Alliance Legislative/Issue Update

We are more than one third of the way through the ’24 legislative session, and issues on the Alliance's Legislative Agenda are moving through the committee consideration process. What follows is an update on the status of Agenda issues and our collective advocacy. Note that for many issues, the focus of advocacy is primarily in the House, as the House develops their version of the budget first, with the Senate to follow.

Advocacy on requests for the Fiscal Year ’24 (FY24) budget will shift to the Senate in about a month, as the House is expected to finish its FY24 budget by the end of March. Several bills discussed below are on a similar path, in most cases with House consideration going first.

For questions about the policy details or the legislative process, please contact Matt Levin, Executive Director at


Family & Medical Leave Insurance: Universal Paid Family and Medical Leave for All Workers ​

Last week the House General and Housing Committee passed a slightly revised version of H. 66, a bill that would create a universal, state-run paid family and medical leave insurance program. The bill includes up to 12 weeks of paid leave for Vermonters caring for a new child, managing a serious health issue, caring for a family member with a serious health issue, or seeking a safety from an unsafe living situation. The program would also provide up to two weeks of bereavement leave. Funding would come from a payroll tax shared equally by the employee and employer.

H.66 is being taken up by the House Ways and Means Committee this week. Advocates strongly support this bill and are working to secure its passage in the House.

Lead Organizations: Main Street Alliance and Voices for Vermont’s Children


Reach Up: Ending Child Poverty is Within Our Reach​

Two bills have been introduced to make progress on important policy challenges in the state’s Reach Up program. H. 93 would create an annual commitment to evaluating basic needs and housing grants, and H. 94 would task the Administration with creating an actionable plan to eliminate the ratable reduction within the next five years. H. 94 is being actively discussed by the House Human Services Committee this week, and advocates hope it will begin to move towards passage by the House this year.

The Governor did not recommend any funding increases for Reach Up in his Recommended FY24 Budget. Advocates are pressing the House Human Services Committee to recommend to the House Appropriations Committee that increases be made to the Reach Up benefit in their FY24 budget.

Lead Organization: Voices for Vermont’s Children


Housing and Homelessness: Increase Access to Safe, Stable and Affordable Housing for all Children ​

Emergency Housing

One of the primary differences between the House and the Senate versions of the FY23 Budget Adjustment Act relates to emergency housing. While both would extend emergency housing for individuals that remain living in the motels or hotels into the spring, beyond the short timeframe suggested by the Governor, the length of the extension and who is included in it differs. The House proposal is more expansive, while the Senate focuses on the most vulnerable populations, including households with children.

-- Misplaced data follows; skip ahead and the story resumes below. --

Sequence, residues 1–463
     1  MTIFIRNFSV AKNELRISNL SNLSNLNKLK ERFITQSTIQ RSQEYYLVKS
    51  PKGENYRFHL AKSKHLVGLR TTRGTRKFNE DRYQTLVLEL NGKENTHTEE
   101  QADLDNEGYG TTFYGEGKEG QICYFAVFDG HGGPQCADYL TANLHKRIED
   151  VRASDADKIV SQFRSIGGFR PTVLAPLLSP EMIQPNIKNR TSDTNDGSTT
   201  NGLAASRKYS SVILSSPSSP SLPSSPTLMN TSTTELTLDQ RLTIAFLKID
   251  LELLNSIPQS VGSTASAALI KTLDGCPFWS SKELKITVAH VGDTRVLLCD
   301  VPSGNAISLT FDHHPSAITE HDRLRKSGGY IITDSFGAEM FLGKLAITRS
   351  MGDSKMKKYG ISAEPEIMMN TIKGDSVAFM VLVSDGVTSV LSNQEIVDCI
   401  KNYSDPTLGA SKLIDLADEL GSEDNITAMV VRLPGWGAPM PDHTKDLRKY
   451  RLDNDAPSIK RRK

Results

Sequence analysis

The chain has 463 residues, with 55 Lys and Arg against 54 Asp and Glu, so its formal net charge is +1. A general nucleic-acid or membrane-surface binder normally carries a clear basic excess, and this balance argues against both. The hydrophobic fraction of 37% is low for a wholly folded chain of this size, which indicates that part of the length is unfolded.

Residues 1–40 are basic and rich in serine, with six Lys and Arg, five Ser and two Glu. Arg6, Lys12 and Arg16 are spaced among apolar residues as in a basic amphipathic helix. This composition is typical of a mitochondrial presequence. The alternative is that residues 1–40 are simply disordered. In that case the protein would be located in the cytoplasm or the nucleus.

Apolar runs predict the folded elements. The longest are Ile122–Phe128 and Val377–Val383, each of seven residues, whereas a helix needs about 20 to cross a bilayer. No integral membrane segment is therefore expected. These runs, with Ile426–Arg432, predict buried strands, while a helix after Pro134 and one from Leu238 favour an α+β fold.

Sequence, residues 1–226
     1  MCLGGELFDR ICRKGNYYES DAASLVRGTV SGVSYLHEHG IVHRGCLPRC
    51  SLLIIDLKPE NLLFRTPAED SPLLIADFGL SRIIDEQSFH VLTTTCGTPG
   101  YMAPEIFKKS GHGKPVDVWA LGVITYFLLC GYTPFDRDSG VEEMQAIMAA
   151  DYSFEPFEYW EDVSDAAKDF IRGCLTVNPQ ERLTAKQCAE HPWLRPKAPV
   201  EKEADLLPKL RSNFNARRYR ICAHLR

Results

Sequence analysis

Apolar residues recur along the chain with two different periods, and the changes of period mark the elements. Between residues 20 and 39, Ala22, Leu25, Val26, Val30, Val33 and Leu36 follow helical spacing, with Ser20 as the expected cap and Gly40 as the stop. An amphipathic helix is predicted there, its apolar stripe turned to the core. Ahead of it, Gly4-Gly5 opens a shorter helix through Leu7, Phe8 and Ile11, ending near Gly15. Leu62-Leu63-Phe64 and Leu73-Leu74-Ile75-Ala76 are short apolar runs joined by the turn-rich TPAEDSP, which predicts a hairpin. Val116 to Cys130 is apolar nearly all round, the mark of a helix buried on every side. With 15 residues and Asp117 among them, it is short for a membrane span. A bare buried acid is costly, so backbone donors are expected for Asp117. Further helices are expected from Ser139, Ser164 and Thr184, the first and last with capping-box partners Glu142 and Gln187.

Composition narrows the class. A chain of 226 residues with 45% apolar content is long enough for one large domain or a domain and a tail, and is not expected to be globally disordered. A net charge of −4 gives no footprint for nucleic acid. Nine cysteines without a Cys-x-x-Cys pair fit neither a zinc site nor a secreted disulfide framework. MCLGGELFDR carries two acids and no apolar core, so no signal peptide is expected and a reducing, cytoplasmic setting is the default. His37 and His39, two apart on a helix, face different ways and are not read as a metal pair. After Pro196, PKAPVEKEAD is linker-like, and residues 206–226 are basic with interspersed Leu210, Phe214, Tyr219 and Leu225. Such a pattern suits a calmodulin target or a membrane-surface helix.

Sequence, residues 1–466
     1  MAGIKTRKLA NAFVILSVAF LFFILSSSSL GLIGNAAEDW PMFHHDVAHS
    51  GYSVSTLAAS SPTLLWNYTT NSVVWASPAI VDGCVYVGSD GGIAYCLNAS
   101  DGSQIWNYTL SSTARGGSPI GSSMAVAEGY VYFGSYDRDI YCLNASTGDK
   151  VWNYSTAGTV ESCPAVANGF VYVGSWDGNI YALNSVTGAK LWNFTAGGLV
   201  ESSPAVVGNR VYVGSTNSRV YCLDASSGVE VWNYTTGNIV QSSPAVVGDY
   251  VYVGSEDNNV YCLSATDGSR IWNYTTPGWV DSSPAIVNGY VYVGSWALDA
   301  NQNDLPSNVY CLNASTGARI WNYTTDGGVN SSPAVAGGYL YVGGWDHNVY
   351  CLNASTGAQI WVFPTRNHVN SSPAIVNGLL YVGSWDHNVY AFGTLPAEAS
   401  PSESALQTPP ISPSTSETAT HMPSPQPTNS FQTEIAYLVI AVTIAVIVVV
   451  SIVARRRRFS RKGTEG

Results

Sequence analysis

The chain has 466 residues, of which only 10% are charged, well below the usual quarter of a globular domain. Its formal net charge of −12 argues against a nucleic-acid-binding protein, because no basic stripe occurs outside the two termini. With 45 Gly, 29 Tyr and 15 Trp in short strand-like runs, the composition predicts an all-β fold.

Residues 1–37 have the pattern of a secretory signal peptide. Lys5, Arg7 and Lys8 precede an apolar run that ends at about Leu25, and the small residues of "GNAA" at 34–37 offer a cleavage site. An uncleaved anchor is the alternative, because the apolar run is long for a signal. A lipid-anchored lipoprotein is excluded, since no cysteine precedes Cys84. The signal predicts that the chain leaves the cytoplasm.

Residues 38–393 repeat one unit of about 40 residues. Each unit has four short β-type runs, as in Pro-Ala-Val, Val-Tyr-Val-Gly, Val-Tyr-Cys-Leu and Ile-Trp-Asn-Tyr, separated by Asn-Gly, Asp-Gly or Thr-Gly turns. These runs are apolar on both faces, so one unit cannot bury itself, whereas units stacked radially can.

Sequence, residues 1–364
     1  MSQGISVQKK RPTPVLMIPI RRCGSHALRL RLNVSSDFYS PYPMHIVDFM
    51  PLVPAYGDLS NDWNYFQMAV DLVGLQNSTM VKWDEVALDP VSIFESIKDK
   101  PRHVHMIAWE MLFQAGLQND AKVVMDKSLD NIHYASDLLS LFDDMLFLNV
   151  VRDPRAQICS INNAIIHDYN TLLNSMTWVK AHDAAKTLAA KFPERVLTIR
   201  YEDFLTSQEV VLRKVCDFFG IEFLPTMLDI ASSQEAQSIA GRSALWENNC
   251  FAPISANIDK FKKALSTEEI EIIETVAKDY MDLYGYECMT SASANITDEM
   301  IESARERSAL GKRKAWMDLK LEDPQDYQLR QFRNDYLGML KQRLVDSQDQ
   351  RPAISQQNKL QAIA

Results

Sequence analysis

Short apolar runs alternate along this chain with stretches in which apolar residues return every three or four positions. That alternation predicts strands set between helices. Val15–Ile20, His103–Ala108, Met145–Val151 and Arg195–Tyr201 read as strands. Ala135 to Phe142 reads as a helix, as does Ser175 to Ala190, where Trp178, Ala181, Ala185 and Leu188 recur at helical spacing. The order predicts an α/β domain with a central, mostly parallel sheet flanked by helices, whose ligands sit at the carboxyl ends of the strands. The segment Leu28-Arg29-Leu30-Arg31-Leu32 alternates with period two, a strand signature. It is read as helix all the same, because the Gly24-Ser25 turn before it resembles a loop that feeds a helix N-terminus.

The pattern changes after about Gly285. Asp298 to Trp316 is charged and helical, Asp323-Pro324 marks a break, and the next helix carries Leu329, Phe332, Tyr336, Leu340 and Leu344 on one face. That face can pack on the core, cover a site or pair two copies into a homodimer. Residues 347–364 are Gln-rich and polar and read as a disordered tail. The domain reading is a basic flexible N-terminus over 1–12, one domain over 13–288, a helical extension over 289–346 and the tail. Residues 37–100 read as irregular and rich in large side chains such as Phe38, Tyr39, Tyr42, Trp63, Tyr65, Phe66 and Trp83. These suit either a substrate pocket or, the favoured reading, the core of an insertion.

The proposals differ by a bit over $2 million. The difference will be settled through discussions among legislative leaders in the coming days, and the final bill will then be sent to the Governor for his consideration.

Meanwhile, the Governor’s Recommended FY24 Budget includes $26.4 million for General Assistance Emergency Housing, utilizing the Adverse Weather “hybrid model” that was used this winter. This funding is less than the $72 million advocates estimate is needed to ensure that no Vermonter will be unhoused in the next fiscal year (July – June). It also uses one-time funding instead of General Funds, creating uncertainty about emergency housing in future years. Advocates are urging the House to include a higher level of funding, using General Funds, in their FY24 Budget proposal.

Investments in Permanent Affordable Housing Development

The Senate’s version of the FY23 Budget Adjustment Act allocates $25 million in one-time funding (above the original FY23 appropriation) to the Vermont Housing and Conservation Board (VHCB) to support construction of affordable housing, and $2.5 million for the creation of emergency shelter alternatives to hotels and motels.  This is less than the $50 million of additional funding supported by the House. As with the emergency housing language, the difference will be settled through discussions among legislative leaders in the coming days, and the bill will then be sent to the Governor.

The Governor’s Recommended FY24 Budget includes $13 million in base funding for VHCB. This is a $16 million reduction from the share of the Property Transfer Tax funding formula that the law designates for VHCB. Advocates will be encouraging the Legislature to support full funding for VHCB.

Lead Organization: Vermont Affordable Housing Coalition


Transforming Child Care

The Senate Health and Welfare Committee has been hard at work over the last three weeks on S.56, their version of the child care bill. A House version, H.208, has also been introduced, and will be considered after the Senate finishes its work on the issue. Both bills propose changes, improvements, and additional investments in many aspects of the early childhood education system, including CCFAP eligibility and payment levels, staffing and professional development, and program administration.